When the researchers compared their present-day maps with parasite distributions predicted for the future, they found that lemur parasites could expand their range by as much as 60 percent. Whipworms, for example, which are now largely confined to Madagascar's northeast and western coasts, may become widely distributed on the country's southeastern coast as well.
Anne Yoder, senior author on the study and Director of the Duke Lemur Center, said the research is particularly important now as lemurs have been identified by the International Union for the Conservation of Nature (IUCN) as the most endangered mammals on earth.
Warmer weather means that parasites could grow and reproduce more quickly, or spread to higher latitudes and elevations where once they were unable to survive. As lemur parasites become more prevalent, the diseases they carry could show up in new places. The spread could be harmful to lemur populations that have never encountered these pests before, and lack resistance to the diseases they carry.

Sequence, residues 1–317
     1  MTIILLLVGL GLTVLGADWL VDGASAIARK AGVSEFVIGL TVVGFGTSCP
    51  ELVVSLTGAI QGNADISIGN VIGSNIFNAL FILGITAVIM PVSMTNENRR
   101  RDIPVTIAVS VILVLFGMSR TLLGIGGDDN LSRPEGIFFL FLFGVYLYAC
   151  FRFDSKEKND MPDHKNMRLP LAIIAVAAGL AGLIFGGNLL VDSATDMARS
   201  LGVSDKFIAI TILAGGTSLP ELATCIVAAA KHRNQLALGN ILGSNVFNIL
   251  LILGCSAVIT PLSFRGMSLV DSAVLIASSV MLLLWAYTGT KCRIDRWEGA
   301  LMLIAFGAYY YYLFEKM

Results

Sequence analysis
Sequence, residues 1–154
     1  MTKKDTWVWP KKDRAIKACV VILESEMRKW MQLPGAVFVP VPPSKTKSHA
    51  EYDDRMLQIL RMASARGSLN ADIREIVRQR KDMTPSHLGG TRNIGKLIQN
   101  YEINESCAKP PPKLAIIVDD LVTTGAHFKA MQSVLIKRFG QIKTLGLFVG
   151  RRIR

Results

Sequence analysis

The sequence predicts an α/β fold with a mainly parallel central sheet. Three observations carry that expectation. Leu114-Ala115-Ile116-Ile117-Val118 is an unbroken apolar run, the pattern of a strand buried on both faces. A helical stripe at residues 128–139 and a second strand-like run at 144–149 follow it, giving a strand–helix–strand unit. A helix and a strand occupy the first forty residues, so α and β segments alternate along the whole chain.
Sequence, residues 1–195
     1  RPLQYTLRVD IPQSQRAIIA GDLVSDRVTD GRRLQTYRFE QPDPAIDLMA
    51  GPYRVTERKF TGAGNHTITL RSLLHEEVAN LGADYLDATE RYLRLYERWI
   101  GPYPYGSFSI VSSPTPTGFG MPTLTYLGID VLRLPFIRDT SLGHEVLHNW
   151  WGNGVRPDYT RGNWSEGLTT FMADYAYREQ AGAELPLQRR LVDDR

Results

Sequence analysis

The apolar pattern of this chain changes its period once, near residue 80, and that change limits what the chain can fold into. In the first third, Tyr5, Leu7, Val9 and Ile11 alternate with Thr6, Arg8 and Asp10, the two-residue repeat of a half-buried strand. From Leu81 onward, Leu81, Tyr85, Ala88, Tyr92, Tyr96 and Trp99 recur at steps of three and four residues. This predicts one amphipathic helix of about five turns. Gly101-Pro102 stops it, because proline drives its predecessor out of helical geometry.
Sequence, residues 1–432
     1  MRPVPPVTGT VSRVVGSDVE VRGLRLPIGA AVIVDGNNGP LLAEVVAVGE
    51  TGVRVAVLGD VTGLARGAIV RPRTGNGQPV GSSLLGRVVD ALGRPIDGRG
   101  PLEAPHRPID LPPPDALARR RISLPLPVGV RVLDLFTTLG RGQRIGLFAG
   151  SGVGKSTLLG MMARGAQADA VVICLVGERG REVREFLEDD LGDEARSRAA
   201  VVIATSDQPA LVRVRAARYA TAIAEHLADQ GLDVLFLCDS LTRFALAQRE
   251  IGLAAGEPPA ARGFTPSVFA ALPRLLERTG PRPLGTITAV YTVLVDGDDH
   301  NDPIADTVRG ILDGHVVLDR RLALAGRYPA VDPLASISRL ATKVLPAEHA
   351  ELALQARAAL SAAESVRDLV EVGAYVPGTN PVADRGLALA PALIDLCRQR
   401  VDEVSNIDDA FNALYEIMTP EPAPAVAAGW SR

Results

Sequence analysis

Shifting parasite distributions could have ripple effects on people too. As human population growth in Madagascar drives people and their livestock into previously uninhabited areas, wildlife-human disease transmission becomes increasingly likely.
The authors hope their results will help researchers predict where disease hotspots are likely to occur, and prepare for them before they hit.
Meredith Barrett is now a postdoctoral scholar with the Robert Wood Johnson Foundation Health & Society Scholars Program at the University of California at San Francisco and Berkeley. Jason Brown of Duke University and Randall Junge of the Columbus Zoo & Aquarium were also authors of this study.
|Contact: Robin Ann Smith|